I’ve been thinking about this phrase since yesterday when I heard news that affected me and some of the things that I hold dear. If I were to voice my thoughts this morning—when everything seems a jumble and so uncertain—most readers (mainly the drive-by types) would just utter, “so what?”.
Most of the time, the things that matter to me don’t seem to affect others. It’s that “out of the mainstream” orientation that I’ve held for most of my life. I’m not a fan of the status quo because in most cases, it rarely gets to the core of the matter.
Because the past six months have been a blur, chasing deadlines, organizing grant-related events, and generally, just doing the usual year-end hustling that free agency requires, I haven’t been able to devote much time to padding my word count in this particular space. That will likely change next week. I’m planning to write a fairly long post tying together all the variant threads that have been running around my brain the past two months or so.
For six months, I’ve been writing a monthly feature story called Explore for the Lewiston Sun-Journal. Once a month, I spend a few hours in a particular locale and dig beneath the obvious to capture elements of the town that I’m writing about.
Each time I’ve done this, I came away with a much richer appreciation of the community I was profiling. Several times, I’ve featured towns that I regularly drove through, but from the high-speed highways that often whisk us through these places, I knew little or nothing about the town other than what the typical roadside detritus that most communities are afflicted by during our era of Happy Motoring, offered. Discovery always occurs when we slow down, take a look around, and real exploring begins on foot. At least that’s been my experience.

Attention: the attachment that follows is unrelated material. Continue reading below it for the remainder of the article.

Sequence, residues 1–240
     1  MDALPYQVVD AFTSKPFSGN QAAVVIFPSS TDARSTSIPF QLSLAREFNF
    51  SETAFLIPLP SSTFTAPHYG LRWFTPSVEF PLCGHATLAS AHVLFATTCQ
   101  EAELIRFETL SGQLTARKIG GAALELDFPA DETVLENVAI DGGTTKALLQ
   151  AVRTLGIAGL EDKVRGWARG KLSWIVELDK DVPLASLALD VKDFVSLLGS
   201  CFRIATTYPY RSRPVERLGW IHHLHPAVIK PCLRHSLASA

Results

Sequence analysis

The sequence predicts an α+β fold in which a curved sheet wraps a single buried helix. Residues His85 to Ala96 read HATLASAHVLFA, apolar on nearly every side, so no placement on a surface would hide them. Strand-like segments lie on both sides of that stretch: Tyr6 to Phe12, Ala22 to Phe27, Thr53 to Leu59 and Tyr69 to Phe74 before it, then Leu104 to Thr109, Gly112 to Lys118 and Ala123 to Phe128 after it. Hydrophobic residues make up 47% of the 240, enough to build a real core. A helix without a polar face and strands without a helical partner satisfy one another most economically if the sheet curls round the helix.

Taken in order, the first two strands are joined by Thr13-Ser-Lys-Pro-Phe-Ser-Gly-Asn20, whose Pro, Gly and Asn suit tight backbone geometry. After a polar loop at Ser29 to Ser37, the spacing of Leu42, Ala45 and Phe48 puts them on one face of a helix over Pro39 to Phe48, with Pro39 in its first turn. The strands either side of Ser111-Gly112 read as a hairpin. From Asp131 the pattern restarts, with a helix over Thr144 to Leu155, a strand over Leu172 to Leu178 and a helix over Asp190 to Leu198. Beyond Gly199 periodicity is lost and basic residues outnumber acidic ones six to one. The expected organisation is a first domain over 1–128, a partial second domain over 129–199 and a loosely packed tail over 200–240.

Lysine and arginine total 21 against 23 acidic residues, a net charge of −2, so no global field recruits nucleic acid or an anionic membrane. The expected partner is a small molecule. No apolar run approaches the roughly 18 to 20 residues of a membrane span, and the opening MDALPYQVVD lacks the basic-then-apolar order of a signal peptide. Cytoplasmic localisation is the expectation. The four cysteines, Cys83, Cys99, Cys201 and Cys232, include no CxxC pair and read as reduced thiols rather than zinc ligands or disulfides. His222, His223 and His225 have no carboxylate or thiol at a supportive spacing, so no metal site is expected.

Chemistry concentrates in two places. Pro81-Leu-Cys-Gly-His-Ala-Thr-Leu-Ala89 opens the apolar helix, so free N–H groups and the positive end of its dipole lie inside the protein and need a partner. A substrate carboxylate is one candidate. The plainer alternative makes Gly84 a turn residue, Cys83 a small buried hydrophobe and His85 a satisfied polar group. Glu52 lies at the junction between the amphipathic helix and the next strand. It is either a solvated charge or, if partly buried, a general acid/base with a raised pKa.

I often wonder what motivates most people—is it purely the love of money—in a capitalistic society that would make sense. What makes people do what they do, and often act in such a way that seems to undercut others? Greed is one of the seven deadly sins afflicting all of us at times.
Philosophers have written volumes about motives—whether it’s possible for them to be pure, or not. Unfortunately, Google isn’t like a library—it’s hard to bring up information about “pure motives” that isn’t oriented towards the Biblical, instead of the philosophical. I do know that Immanuel Kant (and Freud) observed that people’s true motives may be hidden, even from themselves. Even when it seems that people are acting solely to further another person’s good, that might not be the real case. Continue reading →
In the world of alternative weeklies, topics covered aren’t usually the same ones that the mainstream dailies cover. If they are, there’s often more depth in reporting, or, a slightly different angle offered. Writing for an alternative weekly (or monthly) often allows a bit more leeway, also.
Maine has a paucity of alternative news outlets. Currently, there are just two places where investigative journalism that isn’t the usual “he said, she said” brand of reporting that’s the norm in newspaper reporting in Maine has a chance to get published. The two are the Portland Phoenix and The Bollard. For the purposes of self-disclosure, I freelance occasional articles for the former, especially when I want to don my investigative journalist cap.
Since my article on economic development was the front page feature in this week’s Phoenix, I was out and about scouting for hard copies on Friday afternoon. There’s still a thrill for me in seeing my name bylined, although it’s happened pretty regularly since the first of the year (and during a previous stint as a freelancer). Since the Phoenix and The Bollard are often side-by-side at the free newspaper pick-up stands, I also grabbed the latest issue of the latter, a monthly, rather than a weekly pub.